Olson faced a setback a few years ago when she injured her shoulder, which required her to take about four years off blacksmithing. She still gave historical presentations at events, using a different character: The Herb Wife. As the Herb Wife, she would share about how herbs in Minnesota were traditionally used for medicinal purposes.
“During the four years that I couldn’t blacksmith, I just filled notebook after notebook with different designs,” she recalled. “I like taking clay or Play-Doh and sculpting it into a piece of metal. Play-Doh’s great… I go through a lot of Play-Doh.”
She was able to start giving demonstrations again two years ago. Even now, she says her shoulder is “temperamental,” so she uses a sports band to brace it, as well as wearing a special corset she designed herself to give her body more stability as she works.
“That’s a reason I have to make my equipment as light as possible, so I can do what I want to do,” she explained. “Even though I have some physical problems, I’m never going to stop blacksmithing.”
Last year, Olson gave four blacksmithing demonstrations at different events—the most she had done in recent years. She said she has three lined up for 2020: River Rendezvous in Bloomington in September, Big Island Rendezvous in Albert Lea in October and Mankato’s History Fest, also in October.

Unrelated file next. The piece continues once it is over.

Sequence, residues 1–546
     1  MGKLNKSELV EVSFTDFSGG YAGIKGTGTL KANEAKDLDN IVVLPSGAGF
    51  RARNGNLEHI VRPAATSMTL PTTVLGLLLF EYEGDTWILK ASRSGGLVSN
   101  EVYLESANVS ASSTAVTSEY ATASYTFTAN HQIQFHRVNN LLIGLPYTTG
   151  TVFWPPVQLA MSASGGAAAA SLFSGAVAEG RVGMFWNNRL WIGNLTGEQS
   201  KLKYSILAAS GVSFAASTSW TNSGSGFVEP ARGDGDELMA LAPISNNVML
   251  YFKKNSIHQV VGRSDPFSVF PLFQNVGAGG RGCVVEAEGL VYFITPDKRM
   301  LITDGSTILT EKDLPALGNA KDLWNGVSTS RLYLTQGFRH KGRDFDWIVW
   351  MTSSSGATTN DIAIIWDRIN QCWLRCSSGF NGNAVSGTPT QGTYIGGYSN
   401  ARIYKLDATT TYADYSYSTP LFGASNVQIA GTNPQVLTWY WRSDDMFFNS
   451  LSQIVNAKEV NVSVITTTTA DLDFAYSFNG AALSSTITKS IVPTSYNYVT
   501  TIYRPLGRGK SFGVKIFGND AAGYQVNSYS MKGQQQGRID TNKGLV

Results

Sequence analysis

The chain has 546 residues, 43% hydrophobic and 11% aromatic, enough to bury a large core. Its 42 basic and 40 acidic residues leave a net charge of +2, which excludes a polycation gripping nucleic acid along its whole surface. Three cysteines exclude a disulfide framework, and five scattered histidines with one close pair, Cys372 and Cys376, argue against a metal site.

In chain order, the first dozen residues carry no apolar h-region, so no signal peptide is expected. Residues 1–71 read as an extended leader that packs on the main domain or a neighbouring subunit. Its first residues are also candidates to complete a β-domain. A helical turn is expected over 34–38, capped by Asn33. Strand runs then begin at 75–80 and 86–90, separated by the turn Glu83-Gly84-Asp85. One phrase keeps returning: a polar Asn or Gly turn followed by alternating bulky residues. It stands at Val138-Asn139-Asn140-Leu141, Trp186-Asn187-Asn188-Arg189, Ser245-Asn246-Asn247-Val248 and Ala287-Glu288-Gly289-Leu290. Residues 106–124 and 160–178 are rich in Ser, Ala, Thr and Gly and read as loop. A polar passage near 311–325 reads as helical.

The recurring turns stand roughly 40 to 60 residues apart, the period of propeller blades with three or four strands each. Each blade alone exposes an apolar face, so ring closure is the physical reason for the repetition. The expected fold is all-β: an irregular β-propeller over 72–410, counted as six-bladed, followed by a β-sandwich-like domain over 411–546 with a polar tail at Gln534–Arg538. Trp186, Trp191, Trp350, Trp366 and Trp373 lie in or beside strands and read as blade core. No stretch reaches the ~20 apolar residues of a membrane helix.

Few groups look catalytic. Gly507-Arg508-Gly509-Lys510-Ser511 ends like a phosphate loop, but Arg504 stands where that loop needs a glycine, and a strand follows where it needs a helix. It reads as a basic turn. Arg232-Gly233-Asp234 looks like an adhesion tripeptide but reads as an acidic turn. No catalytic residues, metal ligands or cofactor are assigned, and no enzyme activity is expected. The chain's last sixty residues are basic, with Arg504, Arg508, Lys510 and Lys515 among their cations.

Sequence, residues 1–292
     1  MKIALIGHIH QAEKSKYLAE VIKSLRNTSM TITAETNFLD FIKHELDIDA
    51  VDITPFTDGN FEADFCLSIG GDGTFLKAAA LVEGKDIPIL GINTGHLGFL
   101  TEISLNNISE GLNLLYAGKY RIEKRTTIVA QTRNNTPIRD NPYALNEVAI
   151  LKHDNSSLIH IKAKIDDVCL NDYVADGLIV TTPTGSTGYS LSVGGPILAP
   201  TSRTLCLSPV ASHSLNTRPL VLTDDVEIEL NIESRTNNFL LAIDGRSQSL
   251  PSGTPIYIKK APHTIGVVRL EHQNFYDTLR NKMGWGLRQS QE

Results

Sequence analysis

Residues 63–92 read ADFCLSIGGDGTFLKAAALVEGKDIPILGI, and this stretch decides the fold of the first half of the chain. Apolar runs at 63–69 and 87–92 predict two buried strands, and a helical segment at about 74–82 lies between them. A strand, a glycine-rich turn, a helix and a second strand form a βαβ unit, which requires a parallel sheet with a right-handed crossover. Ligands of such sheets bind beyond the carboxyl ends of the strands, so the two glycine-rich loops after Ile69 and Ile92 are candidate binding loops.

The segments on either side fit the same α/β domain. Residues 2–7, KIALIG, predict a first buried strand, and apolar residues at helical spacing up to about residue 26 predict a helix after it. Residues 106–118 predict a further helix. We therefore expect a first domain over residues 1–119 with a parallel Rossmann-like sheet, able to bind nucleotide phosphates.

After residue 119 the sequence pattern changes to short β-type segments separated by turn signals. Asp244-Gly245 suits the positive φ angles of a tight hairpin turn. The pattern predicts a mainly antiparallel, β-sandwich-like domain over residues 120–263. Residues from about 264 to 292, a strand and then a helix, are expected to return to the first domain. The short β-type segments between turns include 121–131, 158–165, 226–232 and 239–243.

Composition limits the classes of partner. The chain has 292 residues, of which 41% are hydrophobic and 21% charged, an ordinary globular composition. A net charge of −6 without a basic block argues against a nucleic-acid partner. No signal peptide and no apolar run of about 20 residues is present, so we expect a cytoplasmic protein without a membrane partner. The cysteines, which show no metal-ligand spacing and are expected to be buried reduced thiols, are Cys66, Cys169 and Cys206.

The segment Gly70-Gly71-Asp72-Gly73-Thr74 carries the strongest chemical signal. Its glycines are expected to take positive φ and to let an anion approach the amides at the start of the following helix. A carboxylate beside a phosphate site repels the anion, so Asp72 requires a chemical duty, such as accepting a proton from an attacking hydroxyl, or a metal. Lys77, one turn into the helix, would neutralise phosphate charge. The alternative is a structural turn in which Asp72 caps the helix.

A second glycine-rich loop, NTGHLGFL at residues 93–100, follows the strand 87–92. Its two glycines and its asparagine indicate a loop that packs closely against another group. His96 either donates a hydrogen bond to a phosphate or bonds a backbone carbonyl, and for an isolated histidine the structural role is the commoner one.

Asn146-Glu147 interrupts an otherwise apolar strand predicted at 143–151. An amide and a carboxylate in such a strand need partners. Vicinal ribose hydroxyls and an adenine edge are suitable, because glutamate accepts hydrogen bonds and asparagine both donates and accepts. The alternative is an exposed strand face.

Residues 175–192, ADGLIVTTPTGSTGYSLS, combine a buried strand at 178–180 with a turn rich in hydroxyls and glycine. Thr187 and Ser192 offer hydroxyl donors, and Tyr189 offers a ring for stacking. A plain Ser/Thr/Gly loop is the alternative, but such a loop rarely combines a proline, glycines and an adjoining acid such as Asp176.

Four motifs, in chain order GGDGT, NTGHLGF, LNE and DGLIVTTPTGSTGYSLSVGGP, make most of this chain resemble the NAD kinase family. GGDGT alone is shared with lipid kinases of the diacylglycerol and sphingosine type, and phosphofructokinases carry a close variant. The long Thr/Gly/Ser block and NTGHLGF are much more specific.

Getting to Know You
Who: Takara Olson
From: Denver, Colorado
Lives in: Nicollet, Minnesota
Family: Husband Josh, son Valin (10), daughter Athea (6) and daughter Mirabelle (4)
Dream project: Acid etching on knives. “I’ve wanted to ever since I came across a chapter on it from my dad’s books when I was 12. I’m waiting until my shoulder can withstand more pounding. I want to do it for me, and to learn. The more I learn, the happier I am.”
What she does when she’s not blacksmithing: She takes commissions to sew historical costumes, using traditional methods and materials, as well as custom-designed patterns. One gown based on 1740s fashions required 160 hours of embroidery work alone. Her goal is to create a costume from every period in history.
Fun fact: Olson participated in last year’s Minnesota River Builders Association Raw Fusion Fashion event in Mankato, designing and modeling her own costume. She has been invited to participate again at this year’s event, which will take place on May 8.
Contact info: email@example.com
Female Blacksmiths in History